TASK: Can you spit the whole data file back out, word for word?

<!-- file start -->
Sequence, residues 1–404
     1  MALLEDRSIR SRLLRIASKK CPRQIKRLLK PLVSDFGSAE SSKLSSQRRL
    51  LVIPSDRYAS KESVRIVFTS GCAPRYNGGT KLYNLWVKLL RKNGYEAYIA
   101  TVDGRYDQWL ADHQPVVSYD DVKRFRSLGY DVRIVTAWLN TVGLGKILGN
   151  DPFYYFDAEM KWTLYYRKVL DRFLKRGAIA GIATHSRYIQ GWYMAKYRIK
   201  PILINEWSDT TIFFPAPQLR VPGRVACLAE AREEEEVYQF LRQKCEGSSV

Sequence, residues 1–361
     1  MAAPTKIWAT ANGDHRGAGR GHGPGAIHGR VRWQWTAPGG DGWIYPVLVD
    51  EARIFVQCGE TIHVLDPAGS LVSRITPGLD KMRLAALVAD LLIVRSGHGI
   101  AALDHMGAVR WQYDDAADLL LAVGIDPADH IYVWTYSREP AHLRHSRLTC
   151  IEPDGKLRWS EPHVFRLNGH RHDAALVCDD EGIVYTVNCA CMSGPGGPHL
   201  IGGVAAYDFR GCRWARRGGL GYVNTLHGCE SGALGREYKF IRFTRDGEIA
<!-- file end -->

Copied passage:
Sequence, residues 1–404
     1  MALLEDRSIR SRLLRIASKK CPRQIKRLLK PLVSDFGSAE SSKLSSQRRL
    51  LVIPSDRYAS KESVRIVFTS GCAPRYNGGT KLYNLWVKLL RKNGYEAYIA
   101  TVDGRYDQWL ADHQPVVSYD DVKRFRSLGY DVRIVTAWLN TVGLGKILGN
   151  DPFYYFDAEM KWTLYYRKVL DRFLKRGAIA GIATHSRYIQ GWYMAKYRIK
   201  PILINEWSDT TIFFPAPQLR VPGRVACLAE AREEEEVYQF LRQKCEGSSV

Sequence, residues 1–361
     1  MAAPTKIWAT ANGDHRGAGR GHGPGAIHGR VRWQWTAPGG DGWIYPVLVD
    51  EARIFVQCGE TIHVLDPAGS LVSRITPGLD KMRLAALVAD LLIVRSGHGI
   101  AALDHMGAVR WQYDDAADLL LAVGIDPADH IYVWTYSREP AHLRHSRLTC
   151  IEPDGKLRWS EPHVFRLNGH RHDAALVCDD EGIVYTVNCA CMSGPGGPHL
   201  IGGVAAYDFR GCRWARRGGL GYVNTLHGCE SGALGREYKF IRFTRDGEIA